# Correlation-based distance dissimilarity measure is not a metric [duplicate]

Show by an example that the correlation-based distance

$$d(X,X^\prime)=1-\rho(X,X^\prime)=1-\frac{\sum_{j=1}^p (X_j-\bar{X})((X_j^\prime-\bar{X}^\prime)}{\sqrt(\sum_{j=1}^p (X_j-\bar{X})^2\sum_{j=1}^p (X_j^\prime-\bar{X}^\prime)^2)}$$ where $$X, X^\prime ∈ R^p$$,

is not strictly speaking a metric.

My understanding: We need to show that distance $$d$$ violates the triangle inequality, but how can I show this using example. I am kinda confused! Thank you so much for your suggestions!

• Since the triangle inequality concerns three points (random variables), it might help to understand the restrictions on correlation coefficients between multiple variables. Some relevant threads are stats.stackexchange.com/questions/72790, stats.stackexchange.com/questions/305441, stats.stackexchange.com/questions/445370, and stats.stackexchange.com/questions/256116.
– whuber
Commented Apr 25, 2021 at 14:16
• @whuber What would be the appropriate example to show the violation of triangle inequality? I am kinda confused with the problem statement! Commented Apr 25, 2021 at 14:19
• Consider what the triangle inequality says and think about what combinations of correlation coefficients might make it false. It can help to consider extreme circumstances, such as when correlations are as positive or as negative as they can possibly be. It can also help to visualize correlations -- there are many ways to do so and likely you have encountered at least one.
– whuber
Commented Apr 25, 2021 at 14:22
• There is a counter example for triangle inequality in this answer. Commented Aug 6, 2021 at 19:32

A metric $$d$$ is a function $$M\times M\rightarrow\mathbb R_{\ge 0}$$ that satisfies four conditions.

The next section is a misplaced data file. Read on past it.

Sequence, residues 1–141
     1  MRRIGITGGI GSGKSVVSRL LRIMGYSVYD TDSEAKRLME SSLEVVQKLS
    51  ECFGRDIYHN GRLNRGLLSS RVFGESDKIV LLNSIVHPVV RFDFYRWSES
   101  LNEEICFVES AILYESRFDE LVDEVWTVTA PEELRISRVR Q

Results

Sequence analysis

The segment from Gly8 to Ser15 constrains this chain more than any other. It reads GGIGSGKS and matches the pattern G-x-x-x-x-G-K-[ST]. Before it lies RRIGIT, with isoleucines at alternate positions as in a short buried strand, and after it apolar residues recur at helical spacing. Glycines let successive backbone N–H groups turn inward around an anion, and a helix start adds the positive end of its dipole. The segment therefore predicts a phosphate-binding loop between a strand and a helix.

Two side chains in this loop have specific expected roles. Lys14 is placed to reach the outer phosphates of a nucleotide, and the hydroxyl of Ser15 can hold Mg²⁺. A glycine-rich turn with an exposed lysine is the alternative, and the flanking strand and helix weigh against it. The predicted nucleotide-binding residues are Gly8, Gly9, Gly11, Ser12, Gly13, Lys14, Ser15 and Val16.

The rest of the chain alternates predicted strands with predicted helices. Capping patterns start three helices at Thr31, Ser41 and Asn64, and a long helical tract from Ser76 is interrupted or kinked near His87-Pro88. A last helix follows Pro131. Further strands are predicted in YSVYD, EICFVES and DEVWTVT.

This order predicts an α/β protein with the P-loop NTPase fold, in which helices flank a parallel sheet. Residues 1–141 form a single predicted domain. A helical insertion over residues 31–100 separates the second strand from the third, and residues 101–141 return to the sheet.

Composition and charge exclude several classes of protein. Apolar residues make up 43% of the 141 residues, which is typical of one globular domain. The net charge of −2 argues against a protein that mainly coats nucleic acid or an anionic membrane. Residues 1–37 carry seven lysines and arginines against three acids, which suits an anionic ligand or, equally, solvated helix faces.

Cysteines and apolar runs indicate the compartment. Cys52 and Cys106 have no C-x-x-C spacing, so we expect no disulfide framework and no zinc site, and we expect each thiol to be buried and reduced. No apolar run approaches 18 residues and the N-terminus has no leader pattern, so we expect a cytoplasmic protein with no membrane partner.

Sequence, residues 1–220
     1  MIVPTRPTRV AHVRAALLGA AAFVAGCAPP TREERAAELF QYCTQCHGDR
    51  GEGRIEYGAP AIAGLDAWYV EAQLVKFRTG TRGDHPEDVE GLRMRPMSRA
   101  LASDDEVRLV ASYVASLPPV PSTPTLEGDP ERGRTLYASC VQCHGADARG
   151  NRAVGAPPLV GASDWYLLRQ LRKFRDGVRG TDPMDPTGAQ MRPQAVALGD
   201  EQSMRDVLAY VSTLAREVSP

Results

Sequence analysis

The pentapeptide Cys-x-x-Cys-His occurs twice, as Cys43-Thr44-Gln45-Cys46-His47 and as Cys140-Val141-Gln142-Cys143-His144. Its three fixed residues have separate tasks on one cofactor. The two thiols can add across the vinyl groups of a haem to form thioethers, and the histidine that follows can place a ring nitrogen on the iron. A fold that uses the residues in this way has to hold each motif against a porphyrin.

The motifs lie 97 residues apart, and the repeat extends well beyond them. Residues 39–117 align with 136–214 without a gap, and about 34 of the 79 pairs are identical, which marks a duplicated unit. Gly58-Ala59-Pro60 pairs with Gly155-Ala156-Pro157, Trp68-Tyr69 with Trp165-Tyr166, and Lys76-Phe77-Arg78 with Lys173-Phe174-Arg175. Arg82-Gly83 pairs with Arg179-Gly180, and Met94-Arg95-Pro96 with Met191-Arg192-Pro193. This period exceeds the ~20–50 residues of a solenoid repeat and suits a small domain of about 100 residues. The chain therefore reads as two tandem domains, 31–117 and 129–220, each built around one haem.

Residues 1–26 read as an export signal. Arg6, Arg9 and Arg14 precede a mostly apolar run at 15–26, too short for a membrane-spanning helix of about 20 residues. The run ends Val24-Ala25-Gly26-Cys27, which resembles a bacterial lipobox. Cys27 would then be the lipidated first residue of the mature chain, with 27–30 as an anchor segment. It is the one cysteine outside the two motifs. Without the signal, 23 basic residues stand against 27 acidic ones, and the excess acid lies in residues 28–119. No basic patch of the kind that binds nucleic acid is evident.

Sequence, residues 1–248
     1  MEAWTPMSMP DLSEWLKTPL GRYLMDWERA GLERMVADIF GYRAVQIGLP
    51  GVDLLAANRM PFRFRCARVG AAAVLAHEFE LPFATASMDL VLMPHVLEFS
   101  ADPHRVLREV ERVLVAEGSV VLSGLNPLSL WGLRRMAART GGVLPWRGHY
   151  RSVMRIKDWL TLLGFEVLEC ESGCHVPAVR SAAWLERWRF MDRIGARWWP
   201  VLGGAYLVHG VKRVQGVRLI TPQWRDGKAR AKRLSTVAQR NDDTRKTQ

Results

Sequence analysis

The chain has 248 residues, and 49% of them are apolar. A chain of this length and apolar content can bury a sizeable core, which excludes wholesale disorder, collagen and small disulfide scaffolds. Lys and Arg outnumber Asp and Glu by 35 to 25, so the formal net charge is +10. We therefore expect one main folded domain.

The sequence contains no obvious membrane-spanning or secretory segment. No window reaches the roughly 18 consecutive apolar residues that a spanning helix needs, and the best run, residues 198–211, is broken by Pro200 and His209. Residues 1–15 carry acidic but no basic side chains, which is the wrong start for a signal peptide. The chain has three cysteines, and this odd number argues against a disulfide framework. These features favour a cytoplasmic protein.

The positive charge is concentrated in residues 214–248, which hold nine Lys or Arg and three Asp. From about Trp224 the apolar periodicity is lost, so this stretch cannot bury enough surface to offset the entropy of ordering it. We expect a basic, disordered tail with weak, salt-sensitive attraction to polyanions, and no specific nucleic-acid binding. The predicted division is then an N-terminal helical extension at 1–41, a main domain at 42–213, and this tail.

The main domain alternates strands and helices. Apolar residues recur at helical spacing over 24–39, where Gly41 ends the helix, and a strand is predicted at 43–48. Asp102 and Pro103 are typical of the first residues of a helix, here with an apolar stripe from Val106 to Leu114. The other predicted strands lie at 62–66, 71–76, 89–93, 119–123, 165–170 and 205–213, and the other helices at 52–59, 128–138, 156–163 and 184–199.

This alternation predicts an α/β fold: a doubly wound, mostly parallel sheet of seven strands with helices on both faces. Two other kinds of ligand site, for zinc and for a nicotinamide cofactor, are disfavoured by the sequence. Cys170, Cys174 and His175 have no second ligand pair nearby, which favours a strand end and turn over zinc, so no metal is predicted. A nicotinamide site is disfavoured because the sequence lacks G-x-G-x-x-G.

1. For any $$x\in M$$, $$d(x, x)=0$$.

2. For any unequal $$x,y\in M$$, $$d(x, y)>0$$.

3. For any $$x,y\in M$$, $$d(x, y)=d(y,x)$$.

4. For any $$x,y,z\in M$$, $$d(x, y) + d(y,z) \ge d(x,z)$$. This is the triangle inequality, and it means that it is no shorter to leave work, go to the store, and then go home than it is to go straight home from work.

Let $$M=\mathbb R^p$$, and define a function $$d: M\times M\rightarrow \mathbb R_{\ge 0}$$ by $$d(X, Y) = 1 - \rho(X, Y)$$ for any two elements $$X, Y\in M$$.

1. $$\rho(X, X) = 1$$, so $$1-\rho(X,X)=0$$. We are good here.

2. Let $$p=2$$, let $$X=\left(1, 2\right)$$, and let $$Y=\left(2, 4\right)=2X$$. Thus, $$X$$ and $$Y$$ are distinct. Then $$d(X, Y) = 1-\rho(X, Y) = 1-\rho(X,2X)$$. However, because of the construction of $$Y$$ as $$2X$$, $$\rho(X, Y)=\rho(X, 2X) = \rho(X, X)$$. Consequently, $$d(X, Y) = 1-\rho(X, Y) = 1-\rho(X,2X) = 1-1=0$$, yet the inputs to the metric function are distinct. Overall, $$d$$ cannot be a metric. Further, the square root of this $$d$$ will have this same issue of giving an output of zero despite getting distinct inputs, so $$\sqrt{1 - \rho(X, Y)}$$ is not a metric, either.

• sqrt(1-r) is a euclidean distance, therefore it is metric. Commented Feb 9, 2023 at 17:04
• @ttnphns Where does my example do awry? It looks like I can input distinct values yet get an output of zero, which cannot happen for a metric.
– Dave
Commented Feb 9, 2023 at 17:05
• Well, sorry, I meant sqrt(1-r[x,y]) with standardized vectors x and y. Their norms are unit. But you are meaning the distance between the raw length vectors. Commented Feb 9, 2023 at 18:06
• @ttnphns Then isn't the metric space restricted to $\big\{x=\left(x_1,\dots,x_p\right)\in\mathbb R^p\bigg\vert\sum_i x_i^2 = 1\big\}$, rather than all of $\mathbb R^p?$
– Dave
Commented Feb 9, 2023 at 18:09
• The space restrics to the unit p-sphere. Is that what you mean by your notation? Commented Feb 9, 2023 at 18:14